Last Updated on April 13, 2018
Do you use an ATM? Does your business have a freestanding ATM?
Barnaby Jack, Director of Security Testing at IOActive Labs, presented at the Black Hat Conference in Las Vegas. In his presentation, Jack hacked into two freestanding ATMs. The first was done remotely and the other using a USB thumbdrive. Both of the ATMs ran on Windows CE. In the article, it is point out that “Those attacks required an insider, such as an ATM technician or anyone else with a key to the machine, to place malware on the ATM.” (wired.com) After reading the article and watching the presentation, I thought I would share this on the blog.
“To conduct the remote hack, an attacker would need to know an ATM’s IP address or phone number. Jack said he believes about 95 percent of retail ATMs are on dial-up; a hacker could war dial for ATMs connected to telephone modems, and identify them by the cash machine’s proprietary protocol.” (wired.com)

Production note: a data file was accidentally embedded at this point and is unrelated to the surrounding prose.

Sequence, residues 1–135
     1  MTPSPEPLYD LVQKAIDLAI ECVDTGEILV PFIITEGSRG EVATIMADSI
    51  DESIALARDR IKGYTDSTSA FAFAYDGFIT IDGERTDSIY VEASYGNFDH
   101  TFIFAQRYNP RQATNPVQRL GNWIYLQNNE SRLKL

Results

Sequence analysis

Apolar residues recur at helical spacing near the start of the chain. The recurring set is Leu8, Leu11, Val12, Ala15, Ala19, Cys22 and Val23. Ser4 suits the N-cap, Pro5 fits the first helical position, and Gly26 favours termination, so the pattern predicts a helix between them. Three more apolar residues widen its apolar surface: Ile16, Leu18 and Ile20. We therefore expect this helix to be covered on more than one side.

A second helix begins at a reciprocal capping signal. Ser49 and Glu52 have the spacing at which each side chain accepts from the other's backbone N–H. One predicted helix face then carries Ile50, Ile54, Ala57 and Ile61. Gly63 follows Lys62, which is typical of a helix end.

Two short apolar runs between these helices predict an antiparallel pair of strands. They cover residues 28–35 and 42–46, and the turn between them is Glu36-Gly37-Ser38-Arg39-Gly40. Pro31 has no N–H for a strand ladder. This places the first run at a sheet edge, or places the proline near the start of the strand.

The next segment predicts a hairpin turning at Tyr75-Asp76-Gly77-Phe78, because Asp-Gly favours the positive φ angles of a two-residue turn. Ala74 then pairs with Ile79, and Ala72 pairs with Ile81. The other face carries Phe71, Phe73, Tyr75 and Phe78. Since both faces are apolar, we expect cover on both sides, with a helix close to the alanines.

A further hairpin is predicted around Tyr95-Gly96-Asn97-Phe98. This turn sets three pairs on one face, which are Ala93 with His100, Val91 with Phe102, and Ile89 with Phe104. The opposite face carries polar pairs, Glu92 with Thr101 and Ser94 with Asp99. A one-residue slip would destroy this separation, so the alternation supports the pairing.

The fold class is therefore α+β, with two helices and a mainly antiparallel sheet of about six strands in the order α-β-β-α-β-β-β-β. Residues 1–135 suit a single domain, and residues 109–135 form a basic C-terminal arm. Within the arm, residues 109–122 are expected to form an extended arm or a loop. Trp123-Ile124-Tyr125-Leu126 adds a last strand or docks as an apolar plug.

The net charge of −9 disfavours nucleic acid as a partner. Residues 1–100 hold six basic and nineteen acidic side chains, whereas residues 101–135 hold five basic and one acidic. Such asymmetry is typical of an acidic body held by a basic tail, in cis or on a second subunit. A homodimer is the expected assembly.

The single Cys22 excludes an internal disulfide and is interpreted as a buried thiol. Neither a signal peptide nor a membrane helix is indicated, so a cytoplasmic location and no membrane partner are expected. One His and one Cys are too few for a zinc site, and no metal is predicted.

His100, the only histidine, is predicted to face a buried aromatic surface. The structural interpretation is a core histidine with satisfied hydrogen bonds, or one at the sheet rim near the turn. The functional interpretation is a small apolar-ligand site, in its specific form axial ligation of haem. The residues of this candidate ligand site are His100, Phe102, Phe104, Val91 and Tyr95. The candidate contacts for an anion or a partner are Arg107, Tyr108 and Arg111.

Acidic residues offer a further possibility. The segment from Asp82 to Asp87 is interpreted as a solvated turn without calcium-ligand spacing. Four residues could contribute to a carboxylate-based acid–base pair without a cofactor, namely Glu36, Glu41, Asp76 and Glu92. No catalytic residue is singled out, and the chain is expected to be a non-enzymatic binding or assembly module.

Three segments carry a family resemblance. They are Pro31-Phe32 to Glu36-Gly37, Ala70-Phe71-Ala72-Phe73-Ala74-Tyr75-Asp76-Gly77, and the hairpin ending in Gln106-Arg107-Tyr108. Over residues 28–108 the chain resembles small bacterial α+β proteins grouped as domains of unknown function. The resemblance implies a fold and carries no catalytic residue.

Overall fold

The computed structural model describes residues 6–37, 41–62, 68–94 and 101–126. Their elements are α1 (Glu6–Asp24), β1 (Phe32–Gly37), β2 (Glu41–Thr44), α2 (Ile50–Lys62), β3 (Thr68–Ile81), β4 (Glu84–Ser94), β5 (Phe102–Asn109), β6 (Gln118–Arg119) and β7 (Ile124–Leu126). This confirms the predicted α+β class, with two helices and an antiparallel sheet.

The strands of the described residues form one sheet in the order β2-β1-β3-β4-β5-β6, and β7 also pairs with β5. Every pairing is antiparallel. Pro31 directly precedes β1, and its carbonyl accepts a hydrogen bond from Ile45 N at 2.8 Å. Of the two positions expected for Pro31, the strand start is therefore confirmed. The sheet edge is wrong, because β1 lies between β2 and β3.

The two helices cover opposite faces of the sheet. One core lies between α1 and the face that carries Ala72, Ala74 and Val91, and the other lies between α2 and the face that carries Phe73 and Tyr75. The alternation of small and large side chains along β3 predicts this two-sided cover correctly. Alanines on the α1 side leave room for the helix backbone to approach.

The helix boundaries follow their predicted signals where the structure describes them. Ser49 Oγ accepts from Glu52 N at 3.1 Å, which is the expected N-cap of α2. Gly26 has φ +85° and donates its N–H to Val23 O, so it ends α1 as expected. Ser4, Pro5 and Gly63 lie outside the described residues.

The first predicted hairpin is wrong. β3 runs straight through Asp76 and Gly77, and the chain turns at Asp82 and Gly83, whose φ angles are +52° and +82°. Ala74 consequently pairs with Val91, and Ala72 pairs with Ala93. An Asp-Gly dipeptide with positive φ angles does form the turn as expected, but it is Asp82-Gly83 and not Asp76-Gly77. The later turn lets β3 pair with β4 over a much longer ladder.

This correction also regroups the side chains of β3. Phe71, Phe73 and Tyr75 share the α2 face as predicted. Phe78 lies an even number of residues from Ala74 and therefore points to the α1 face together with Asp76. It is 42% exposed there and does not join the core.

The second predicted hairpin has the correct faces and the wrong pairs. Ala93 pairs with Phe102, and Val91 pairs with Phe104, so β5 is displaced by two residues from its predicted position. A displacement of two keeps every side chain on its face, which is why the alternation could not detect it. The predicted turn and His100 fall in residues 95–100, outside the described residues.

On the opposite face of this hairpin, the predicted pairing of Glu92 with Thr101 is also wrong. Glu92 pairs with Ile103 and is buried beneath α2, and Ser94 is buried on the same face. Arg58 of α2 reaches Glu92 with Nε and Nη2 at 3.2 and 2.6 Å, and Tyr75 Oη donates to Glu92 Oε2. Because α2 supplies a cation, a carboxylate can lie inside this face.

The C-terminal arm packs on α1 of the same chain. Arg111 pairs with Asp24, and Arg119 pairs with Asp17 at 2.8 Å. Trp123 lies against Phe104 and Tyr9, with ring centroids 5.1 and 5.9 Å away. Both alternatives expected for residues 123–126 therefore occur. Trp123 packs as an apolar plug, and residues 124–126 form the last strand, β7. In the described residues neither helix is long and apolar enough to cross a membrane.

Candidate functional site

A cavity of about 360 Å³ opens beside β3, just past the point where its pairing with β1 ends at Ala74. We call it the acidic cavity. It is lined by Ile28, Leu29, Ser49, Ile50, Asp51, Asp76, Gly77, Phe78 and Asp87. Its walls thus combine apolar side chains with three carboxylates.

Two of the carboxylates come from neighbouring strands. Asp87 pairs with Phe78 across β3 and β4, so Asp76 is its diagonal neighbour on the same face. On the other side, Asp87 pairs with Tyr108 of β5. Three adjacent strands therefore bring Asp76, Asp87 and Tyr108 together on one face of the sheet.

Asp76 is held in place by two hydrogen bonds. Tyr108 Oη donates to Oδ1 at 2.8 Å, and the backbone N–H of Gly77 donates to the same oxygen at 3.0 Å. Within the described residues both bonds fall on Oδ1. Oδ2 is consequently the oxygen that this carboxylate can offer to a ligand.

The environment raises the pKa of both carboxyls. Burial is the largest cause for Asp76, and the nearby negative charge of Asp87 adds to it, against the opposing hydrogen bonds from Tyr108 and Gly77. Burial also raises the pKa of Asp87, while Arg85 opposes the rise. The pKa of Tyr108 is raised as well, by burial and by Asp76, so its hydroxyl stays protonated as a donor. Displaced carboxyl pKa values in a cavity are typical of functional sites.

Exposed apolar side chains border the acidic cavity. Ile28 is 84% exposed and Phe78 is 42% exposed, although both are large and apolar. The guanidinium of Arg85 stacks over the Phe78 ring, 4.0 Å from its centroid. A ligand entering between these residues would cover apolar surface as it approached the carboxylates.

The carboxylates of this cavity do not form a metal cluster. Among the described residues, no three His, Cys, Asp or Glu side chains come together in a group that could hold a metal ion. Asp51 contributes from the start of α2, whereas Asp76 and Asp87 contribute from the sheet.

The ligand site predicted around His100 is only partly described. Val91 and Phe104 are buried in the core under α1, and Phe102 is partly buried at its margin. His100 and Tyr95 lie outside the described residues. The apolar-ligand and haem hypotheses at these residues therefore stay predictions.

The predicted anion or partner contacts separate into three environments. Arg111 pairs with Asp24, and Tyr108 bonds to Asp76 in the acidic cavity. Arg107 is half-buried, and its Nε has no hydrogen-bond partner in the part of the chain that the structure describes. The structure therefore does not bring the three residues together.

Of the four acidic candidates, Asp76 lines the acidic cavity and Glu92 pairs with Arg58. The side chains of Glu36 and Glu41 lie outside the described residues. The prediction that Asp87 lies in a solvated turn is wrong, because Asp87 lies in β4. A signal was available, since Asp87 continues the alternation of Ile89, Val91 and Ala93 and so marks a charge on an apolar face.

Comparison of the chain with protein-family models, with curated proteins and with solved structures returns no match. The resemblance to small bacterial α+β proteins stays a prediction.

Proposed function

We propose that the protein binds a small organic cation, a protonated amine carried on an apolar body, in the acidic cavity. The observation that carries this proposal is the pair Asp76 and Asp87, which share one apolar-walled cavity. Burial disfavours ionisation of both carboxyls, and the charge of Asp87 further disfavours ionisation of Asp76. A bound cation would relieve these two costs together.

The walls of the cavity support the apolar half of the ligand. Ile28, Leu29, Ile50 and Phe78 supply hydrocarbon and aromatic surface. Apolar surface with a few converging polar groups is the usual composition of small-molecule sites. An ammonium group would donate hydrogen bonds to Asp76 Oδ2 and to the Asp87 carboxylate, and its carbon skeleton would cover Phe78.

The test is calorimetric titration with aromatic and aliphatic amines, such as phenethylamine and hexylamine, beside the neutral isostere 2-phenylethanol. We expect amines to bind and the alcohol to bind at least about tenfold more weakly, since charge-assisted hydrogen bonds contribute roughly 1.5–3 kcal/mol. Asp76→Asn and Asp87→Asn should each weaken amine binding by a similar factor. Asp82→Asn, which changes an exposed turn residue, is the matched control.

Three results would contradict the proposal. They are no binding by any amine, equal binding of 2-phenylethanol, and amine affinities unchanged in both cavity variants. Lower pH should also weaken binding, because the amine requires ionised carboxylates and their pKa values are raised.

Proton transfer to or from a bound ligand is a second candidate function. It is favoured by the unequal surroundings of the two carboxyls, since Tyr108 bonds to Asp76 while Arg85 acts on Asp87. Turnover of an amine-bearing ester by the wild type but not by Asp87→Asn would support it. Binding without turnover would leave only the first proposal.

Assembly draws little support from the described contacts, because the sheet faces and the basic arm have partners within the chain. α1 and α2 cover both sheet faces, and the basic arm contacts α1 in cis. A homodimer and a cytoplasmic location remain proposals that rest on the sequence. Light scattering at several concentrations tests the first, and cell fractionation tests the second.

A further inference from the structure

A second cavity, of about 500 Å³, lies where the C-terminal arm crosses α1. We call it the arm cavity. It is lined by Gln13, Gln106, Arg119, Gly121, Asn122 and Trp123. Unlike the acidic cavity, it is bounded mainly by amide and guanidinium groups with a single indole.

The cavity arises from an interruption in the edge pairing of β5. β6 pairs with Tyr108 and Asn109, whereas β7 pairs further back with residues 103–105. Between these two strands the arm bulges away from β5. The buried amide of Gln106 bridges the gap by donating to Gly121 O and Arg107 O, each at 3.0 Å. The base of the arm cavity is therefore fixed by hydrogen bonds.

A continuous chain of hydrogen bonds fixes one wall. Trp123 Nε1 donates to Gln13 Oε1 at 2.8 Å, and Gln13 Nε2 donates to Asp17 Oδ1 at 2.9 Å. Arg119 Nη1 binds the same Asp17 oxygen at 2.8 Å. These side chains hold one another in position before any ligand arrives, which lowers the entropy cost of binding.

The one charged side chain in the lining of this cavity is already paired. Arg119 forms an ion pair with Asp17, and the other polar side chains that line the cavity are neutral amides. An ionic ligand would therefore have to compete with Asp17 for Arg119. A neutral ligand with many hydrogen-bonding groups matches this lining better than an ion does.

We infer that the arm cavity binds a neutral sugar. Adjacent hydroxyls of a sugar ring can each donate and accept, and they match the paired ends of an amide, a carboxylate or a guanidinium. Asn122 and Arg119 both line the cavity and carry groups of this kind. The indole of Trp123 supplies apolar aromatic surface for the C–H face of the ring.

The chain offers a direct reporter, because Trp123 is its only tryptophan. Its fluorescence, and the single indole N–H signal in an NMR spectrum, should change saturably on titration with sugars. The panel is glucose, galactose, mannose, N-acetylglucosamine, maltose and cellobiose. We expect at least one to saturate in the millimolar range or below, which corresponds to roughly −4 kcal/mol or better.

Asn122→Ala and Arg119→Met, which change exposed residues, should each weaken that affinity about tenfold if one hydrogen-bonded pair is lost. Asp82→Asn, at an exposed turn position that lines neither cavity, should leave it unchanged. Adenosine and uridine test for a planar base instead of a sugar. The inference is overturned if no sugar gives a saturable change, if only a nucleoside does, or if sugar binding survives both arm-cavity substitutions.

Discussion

The good news for a bank is that you can get a pretty good idea if you are vulnerable during an annual FDIC vulnerability assessments/penetration tests (VA/PT) and direct the ATM vendor to look at this issue. If you want to be more diligent you can augment the annual PT with a quarterly VA at relatively modest cost. A network architecture review is also helpful to ensure that you have segregated your ATMs from other critical systems, so that an ATM attack wouldn’t impact transaction processing or another mission critical function.
I know this is a lot of information, so if you have any questions please don’t hesitate to give us or a call or email.
Article: Researcher Demonstrates ATM ‘Jackpotting’ at Black Hat Conference https://www.wired.com/threatlevel/2010/07/atms-jackpotted by Kim Zetter – wired.com